AT: Thinking around the theme of Open 1 - Social Portraiture. This comes together really coherently in this exhibition - did you arrive at a theme before selecting work, or did this come once you had a group of artists in mind?
TD: I think (as awkward as this sounds), half and half. It was always our intention to use Open 1 to address wider issues – to make photography as relevant as possible to as many groups as possible. To say that photography was uniquely placed to explore what brings us together, and what society is doing to a range of people and groups. But at the same time, when we were looking at work we did get a sense of social portraiture with the subjects and the sitters, and how they’re affected by wider ideas like mass consumerism, mass communication, mass norms, in some instances, and widely accepted behaviour. Sonal Kantaria’s work, for example, where it’s the freedom of the human and the lack of borders, asking ‘what’s our relationship to the landscape now? Are we tied to landscape? Are we free to change our home and is home part of portraiture?’ Moving onto Helen Marshall’s work, which is portraits of a dying art form – its all addressing wider globalisation issues.
Traces, Sigrid / Perth, 2013 © Sonal Kantaria
AT: Do you have ideas that you can talk about as to what you would like to explore in Open 2 and 3?
TD: The degree shows were really great this year, so we thought ‘yes, we’d really like to work with you’ and we had a couple of phenomenal submissions, so far more in the way. But this new batch of photographers are really considering how they want their work engaged with, so …I want my work shown in a cave, or a wooden plinth, so people are really thinking about what the site of consumption is going to be.
AT: And are you thinking about that too, for the model of Open? Different formats, maybe, or places for showing photography?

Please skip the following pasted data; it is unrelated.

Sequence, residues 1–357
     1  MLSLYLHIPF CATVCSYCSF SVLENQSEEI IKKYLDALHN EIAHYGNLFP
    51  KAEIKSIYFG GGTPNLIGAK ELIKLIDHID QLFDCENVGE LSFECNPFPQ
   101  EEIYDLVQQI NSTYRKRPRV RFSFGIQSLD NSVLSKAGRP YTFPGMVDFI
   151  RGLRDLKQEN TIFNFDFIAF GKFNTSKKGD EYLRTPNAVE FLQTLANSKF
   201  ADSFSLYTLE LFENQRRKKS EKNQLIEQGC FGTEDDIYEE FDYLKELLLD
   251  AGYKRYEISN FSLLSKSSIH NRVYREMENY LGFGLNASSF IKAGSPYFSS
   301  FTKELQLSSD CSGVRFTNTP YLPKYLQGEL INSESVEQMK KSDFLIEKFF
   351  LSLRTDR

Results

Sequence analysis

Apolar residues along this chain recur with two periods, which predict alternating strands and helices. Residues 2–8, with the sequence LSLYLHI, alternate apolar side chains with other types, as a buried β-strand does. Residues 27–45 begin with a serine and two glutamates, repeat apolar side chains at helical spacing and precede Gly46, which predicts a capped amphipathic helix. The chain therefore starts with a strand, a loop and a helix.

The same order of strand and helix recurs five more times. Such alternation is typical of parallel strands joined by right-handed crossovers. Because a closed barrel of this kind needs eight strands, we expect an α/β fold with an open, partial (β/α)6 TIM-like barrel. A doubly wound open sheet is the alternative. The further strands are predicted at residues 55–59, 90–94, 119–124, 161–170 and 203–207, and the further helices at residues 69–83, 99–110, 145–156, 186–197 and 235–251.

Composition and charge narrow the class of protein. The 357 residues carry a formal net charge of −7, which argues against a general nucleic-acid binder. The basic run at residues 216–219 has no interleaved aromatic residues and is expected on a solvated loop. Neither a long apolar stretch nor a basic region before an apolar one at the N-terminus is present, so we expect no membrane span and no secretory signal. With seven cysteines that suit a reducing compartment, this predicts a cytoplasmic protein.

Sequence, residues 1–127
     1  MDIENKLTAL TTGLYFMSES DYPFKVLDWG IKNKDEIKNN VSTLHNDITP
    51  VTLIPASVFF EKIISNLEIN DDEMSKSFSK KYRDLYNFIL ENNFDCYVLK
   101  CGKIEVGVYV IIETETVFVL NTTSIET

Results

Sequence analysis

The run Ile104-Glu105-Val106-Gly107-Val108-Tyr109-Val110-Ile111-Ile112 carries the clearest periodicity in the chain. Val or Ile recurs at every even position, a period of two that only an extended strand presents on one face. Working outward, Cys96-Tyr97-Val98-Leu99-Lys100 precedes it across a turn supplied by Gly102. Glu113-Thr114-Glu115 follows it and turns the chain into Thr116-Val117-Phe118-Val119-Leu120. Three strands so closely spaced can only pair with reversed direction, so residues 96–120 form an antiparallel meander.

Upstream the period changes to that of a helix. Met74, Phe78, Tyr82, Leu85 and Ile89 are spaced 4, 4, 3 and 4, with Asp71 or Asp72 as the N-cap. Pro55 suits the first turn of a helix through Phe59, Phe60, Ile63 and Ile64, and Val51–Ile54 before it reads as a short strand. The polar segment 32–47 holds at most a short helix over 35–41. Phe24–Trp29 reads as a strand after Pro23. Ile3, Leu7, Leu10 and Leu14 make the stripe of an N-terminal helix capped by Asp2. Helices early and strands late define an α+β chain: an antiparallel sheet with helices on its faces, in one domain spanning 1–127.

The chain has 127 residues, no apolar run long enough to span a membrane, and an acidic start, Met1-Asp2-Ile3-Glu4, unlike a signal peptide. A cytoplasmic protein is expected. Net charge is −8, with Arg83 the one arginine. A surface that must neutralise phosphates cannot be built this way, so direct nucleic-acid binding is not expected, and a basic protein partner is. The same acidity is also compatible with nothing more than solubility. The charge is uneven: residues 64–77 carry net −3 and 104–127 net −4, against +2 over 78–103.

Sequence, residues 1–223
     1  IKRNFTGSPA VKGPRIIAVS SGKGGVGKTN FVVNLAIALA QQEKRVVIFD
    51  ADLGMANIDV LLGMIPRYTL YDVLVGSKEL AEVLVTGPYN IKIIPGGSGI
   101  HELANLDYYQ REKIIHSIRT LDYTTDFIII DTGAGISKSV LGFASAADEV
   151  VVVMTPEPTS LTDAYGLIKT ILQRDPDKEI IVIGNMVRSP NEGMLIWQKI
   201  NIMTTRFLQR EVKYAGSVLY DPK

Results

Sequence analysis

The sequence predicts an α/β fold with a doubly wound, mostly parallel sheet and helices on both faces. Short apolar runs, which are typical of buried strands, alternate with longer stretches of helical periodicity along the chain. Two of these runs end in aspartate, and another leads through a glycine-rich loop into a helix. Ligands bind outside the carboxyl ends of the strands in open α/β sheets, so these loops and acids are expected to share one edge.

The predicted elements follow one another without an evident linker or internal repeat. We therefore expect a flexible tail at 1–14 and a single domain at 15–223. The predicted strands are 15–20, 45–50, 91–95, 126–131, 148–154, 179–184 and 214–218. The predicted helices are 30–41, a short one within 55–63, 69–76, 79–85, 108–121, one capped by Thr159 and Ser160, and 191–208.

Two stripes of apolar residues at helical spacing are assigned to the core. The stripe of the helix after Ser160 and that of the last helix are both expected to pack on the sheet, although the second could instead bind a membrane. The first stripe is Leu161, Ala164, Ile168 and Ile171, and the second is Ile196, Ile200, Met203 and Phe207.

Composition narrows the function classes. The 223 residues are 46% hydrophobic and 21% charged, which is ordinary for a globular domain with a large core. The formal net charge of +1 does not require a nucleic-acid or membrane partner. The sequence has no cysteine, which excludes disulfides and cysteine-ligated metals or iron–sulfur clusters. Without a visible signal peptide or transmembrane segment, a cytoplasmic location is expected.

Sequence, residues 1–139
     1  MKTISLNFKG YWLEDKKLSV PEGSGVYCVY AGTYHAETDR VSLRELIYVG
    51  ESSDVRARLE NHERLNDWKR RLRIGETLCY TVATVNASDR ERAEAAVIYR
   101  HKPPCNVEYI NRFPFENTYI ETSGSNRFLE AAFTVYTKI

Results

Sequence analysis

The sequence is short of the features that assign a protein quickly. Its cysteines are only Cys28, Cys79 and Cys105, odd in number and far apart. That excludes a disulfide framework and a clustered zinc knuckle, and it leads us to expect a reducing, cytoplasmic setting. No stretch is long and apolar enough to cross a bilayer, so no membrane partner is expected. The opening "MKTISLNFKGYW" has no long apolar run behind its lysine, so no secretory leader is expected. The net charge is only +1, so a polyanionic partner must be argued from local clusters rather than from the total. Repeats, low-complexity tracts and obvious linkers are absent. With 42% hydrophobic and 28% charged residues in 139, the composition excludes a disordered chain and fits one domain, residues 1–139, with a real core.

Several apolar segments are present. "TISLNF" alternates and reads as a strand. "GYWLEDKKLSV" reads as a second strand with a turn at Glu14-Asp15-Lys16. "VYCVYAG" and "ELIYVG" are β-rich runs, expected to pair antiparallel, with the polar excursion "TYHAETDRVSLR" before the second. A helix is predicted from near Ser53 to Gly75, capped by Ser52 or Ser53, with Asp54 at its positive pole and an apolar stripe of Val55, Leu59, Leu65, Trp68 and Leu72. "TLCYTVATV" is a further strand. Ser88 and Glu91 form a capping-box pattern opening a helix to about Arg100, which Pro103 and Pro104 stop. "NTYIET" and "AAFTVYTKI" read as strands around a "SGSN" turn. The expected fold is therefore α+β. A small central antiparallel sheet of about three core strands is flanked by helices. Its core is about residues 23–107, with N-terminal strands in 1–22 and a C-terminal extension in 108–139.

TD: I think I’m pretty much always thinking about that. Always. Because there’s a pretty good time and a place for showing work that’s about coming into a space and looking at what’s on a wall. But you can get this user fatigue, with a disinterested spectator thinking of a photography gallery as a vitrine, or pinned photographs to a wall, I really want to change that, so people don’t just think they’re going to come in, do a lap of each wall and walk out again. So for the next ones, we’re really going to look at the way people are playing with photography.
AT: You mention in the submissions guidelines that you may recommend people to international contacts – could you describe a bit about how curators share ideas or ‘ones to watch’, and how best to get on the radar?
TD: Do the submissions! And do portfolio reviews. The more you harass, and email and get in touch, eventually we’ll cave and say ‘ok you can show me your work’. And those times are super useful, because then you know that person and you know where their work is or what they’re doing. So you mention it to someone else. Tadgh Devlin, from Hugh Baird College sent me this morning - Carolyn Drake, who has just been accessioned into Magnum photographs. She did this really interesting project called Wild Pigeon. And I showed Sarah Fisher (Open Eye Gallery’s Executive Director) and she said ‘great you should send that to Ying at the Centre for Chinese Contemporary Art’ - because we’ve all got loads of work to do but we’re always interested in looking at pictures! So submissions and portfolio reviews. And do small exhibitions – I met Anna Lilleengen – she came and had a really nice portfolio review the other day, and she’s putting on shows in libraries and council establishments – and its great that she’s got the chance to work on a new project and showing her work, so these things are really useful.
AT: What are your key considerations when selecting and balancing a group of artists for Open?
TD: I like to think that there’s some kind of dialogue between the works as you come through the show, otherwise it’s a really disparate show and you wouldn’t get so much from that. Its like the sum of its parts; as you travel through, by the time you get to Richard Ross’s work, for example, you’ve got such an idea of where we’re coming from and feel like you’re really a spectator of global machinations, so by the time you get there you feel really angry, about corporations, and that’s perfect. So you start off with a really playful theatrical work and you move through - protest, workers, human travel, justice. It all works to bring out the best in each of them – together it needs that sense of synergy, or symbiosis.